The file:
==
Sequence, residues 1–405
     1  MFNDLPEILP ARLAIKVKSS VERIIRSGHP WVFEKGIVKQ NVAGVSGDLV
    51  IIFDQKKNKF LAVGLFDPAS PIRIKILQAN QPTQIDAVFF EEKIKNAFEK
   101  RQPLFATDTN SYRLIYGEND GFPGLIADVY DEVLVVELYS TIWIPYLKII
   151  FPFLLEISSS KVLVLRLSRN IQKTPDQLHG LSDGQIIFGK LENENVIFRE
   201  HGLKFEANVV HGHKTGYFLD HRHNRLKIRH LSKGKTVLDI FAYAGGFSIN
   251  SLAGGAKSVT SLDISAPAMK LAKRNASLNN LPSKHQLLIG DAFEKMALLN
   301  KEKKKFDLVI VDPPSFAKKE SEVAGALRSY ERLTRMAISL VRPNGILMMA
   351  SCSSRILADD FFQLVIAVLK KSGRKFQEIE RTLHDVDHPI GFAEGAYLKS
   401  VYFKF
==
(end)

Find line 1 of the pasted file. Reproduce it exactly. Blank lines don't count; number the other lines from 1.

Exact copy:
Sequence, residues 1–405